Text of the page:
“Over the last 10 years … any academic institution that has studied us, and anyone who is not angry because of all those other issues … acknowledges that schools have made incredible progress and made incredible progress for poor black students,” Jacobs said resolutely.
It is clear that the OPSB is positioned to serve primarily white and affluent students, while the RSD is responsible for “reforming” those students who are economically and racially marginalized. After all, “chronically failing” schools are typically defined by their most at-risk students.
Still, Nolan Marshall Jr., who represents District 7 on the OPSB and previously served as its president, said that these students are not being pushed out of high-performing OPSB charter schools.
“Students with behavioral issues, special needs and disabilities need to be in schools that can adequately address their specific needs,” Marshall said. “It is ludicrous to think that every school can provide for the needs of every child … children are not being pushed or sent to lower-performing schools. Choice is real.
“We have processes that give equal access to all schools in a fair and equitable manner,” Marshall added. “Success happens when all schools are excellent schools and not getting into your school of choice is acceptable.”
There’s one major issue with the public school system that many New Orleans natives still find unacceptable.
What Happened to the Teachers?
If one talks to critics of the RSD, the topic of teachers is bound to come up. In January 2006, all 7,500 employees of the Orleans Parish school system were unceremoniously fired, with most finding out while they were still seeking refuge in other cities. Of the dismissed employees, 4,600 of them were teachers, primarily African-American women who were veteran educators.
In the decade since, the percentage of black teachers in New Orleans shifted from 71 percent to just under 50 percent, according to figures released in June by Tulane University’s Education Research Alliance for New Orleans.
As reported by Education Week, Adrienne Dixson, associate professor in the Department of Education Policy, Organization and Leadership at the University of Illinois at Urbana-Champaign, said that it is the “most significant loss of black teaching talent since the landmark Brown v. Board of Education school desegregation ruling.”
In a newly released report, “Significant Changes in New Orleans Teacher Workforce” (pdf), Nathan Barrett and Douglas Harris take an even closer look at the shifting teacher demographic post-Katrina. The key points include the following:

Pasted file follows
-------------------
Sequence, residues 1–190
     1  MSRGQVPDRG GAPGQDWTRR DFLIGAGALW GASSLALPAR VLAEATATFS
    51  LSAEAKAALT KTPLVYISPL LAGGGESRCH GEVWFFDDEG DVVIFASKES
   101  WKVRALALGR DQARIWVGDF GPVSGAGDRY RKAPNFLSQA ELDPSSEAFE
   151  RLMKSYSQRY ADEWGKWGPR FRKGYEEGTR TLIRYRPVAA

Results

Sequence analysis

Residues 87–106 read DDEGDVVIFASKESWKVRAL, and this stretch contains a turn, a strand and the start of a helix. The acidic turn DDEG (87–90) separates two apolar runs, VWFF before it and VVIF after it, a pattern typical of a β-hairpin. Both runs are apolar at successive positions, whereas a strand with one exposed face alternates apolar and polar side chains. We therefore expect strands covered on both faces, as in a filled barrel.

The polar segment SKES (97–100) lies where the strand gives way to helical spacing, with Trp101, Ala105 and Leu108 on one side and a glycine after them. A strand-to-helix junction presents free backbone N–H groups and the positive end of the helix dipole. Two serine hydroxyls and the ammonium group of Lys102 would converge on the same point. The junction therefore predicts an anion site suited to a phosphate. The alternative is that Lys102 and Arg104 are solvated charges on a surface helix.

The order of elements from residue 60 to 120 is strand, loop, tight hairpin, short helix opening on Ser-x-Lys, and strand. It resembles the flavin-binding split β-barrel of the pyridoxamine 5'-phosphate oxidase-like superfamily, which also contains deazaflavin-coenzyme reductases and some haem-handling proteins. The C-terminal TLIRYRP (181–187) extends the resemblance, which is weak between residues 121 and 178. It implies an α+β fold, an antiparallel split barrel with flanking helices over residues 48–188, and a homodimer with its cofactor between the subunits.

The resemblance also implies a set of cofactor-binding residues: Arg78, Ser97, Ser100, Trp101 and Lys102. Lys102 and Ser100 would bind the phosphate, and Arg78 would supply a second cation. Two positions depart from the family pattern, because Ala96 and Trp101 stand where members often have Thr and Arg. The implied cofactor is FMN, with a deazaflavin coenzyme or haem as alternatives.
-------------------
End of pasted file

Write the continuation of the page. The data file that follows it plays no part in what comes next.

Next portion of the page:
- The percentage of teachers with five or fewer years of experience increased from 33 percent to 54 percent.
- The percentage of teachers with 20 or more years of experience dropped by over 20 percentage points.
- The number of teachers who no longer appear as teachers in any Louisiana public school—the annual rate of exit—nearly doubled after reform.
This, in large part, is because nonprofit organizations, such as New Schools for New Orleans, the New Teachers Project and Teach for America, quickly staked their claim in the shifting educational landscape, raising concern even among students.
In 2014 Glenn Sullivan, a graduate of New Orleans’ Lake Area New Tech Early College High School, penned an essay in the Washington Post criticizing the diminishing percentage of black teachers, writing: “Students do need diverse educational experiences, but that diversity doesn’t need to be about a teacher’s race. Hiring more white teachers is not the best way to improve education for students, particularly students of color.”
As previously reported on The Root in 2013, students at two New Orleans charter schools, G.W. Carver Collegiate Academy and G.W. Carver Preparatory Academy (pdf), both within the RSD system, staged a walkout and listed their complaints with the new workforce:
There are no black teachers. … Some of the teachers are racially insensitive. None of the teachers are from New Orleans. They can’t relate to us, our neighborhoods, or our community. They have no respect for our customs and culture, and simply want to make us more like them without understanding us and our background.
The widely accepted narrative is that the RSD fired the teachers, but that couldn’t be further from the truth. The mass firing can be laid squarely at the feet of the Orleans Parish School Board. In October 2014, the Louisiana Supreme Court dismissed a lawsuit filed by the terminated employees against the OPSB, and in May 2015, the U.S. Supreme Court declined to consider the case.
“I was a CEO of a school that was the first school in the RSD [Capital One-UNO Charter Network],” said educational leader, author and New Orleans native Andre Perry, who, along with Harris, Christian Buerge and Vicki Mack, co-authored the previously referenced Data Research Center study (pdf) on charter schools post-Katrina.